CT proposes redevelopment of Smokey Point Transit Center

From left, Community Transit coach operator Michael Blank and Capital Project Manager Dan Jerome discuss the proposed redevelopment of the Smokey Point Transit Center.  - Kirk Boxleitner
From left, Community Transit coach operator Michael Blank and Capital Project Manager Dan Jerome discuss the proposed redevelopment of the Smokey Point Transit Center.
— image credit: Kirk Boxleitner

SMOKEY POINT — A proposed redevelopment of the Smokey Point Transit Center was presented to the public by Community Transit representatives to solicit the community’s input.

The Smokey Point Community Church hosted the open house the afternoon of Oct. 13, where Community Transit Customer Relations Manager Art Brueul and Capital Project Manager Dan Jerome answered questions and explained how the proposed redevelopment is designed to improve the commutes of both bus riders and other vehicle drivers.

“We’re looking to provide better safety and better security in an environmentally friendly way,” Brueul said.

The redeveloped Transit Center, located at the southwest corner of Smokey Point Boulevard and Smokey Point Drive at 174th Street NE, would no longer locate its bus stops out on the street, but would instead create five bus bays with space for bus layovers, thereby cutting down on congestion. The Transit Center would include shelters, benches, trash receptacles and an information kiosk for convenience and comfort, as well as bright lighting, security camera and landscaping designed to deter crime.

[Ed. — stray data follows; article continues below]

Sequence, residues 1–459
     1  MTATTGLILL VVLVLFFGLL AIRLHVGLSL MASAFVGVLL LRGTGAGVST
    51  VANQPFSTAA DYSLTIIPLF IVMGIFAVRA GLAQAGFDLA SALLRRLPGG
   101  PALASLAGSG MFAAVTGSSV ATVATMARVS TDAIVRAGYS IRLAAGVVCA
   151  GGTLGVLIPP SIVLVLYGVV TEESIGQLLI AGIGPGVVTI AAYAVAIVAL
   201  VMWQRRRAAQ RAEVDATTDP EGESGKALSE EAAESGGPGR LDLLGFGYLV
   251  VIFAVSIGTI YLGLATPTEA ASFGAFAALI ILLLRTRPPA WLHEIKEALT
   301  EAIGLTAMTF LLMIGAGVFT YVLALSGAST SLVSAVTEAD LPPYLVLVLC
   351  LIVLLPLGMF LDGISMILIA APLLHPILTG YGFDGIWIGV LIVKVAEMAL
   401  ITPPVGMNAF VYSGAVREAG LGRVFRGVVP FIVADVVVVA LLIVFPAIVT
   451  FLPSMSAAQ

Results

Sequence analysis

“It’s called Crime Prevention Through Environmental Design, or CPTED,” Jerome said. “The energy-efficient lighting will afford greater visibility, and they’ll have shelter cover where none exists now. Unlike the current setup, it’ll also be ADA-accessible, so that people with wheelchairs can use it.”

Jerome touted the proposed Transit Center’s storm water renovation as another environmentally progressive measure, and noted that each bus bay would allow its buses to arrive and depart independently of one another, thereby further improving the traffic flow. At the same time, he doesn’t expect that a renovated Transit Center would serve more than its five current routes, due to funding limitations.

“The surrounding landowners seem to like the idea, and the city of Arlington has looked favorably on the data we’ve obtained so far,” said Jerome, who added that Community Transit has not yet purchased the land for the redevelopment. Before it can do so, the agency must complete national and state environmental permitting processes, with input from the city of Arlington and the Federal Transit Administration.

Jerome expects this to take until the start of next year, after which further public input will be solicited, the design process will continue to build on that input and the land will likely be purchased by the end of 2011. If the current tentative schedule meets its marks, the groundbreaking and construction for the redevelopment should take place in 2012, in time for the planned opening of the redeveloped Transit Center in 2013.

“Our goal is to get comments from the public, whether pro or con,” Jerome said. “We already moved our zones because of feedback from our customers. The value of community involvement in this process is that it makes it more their own.”

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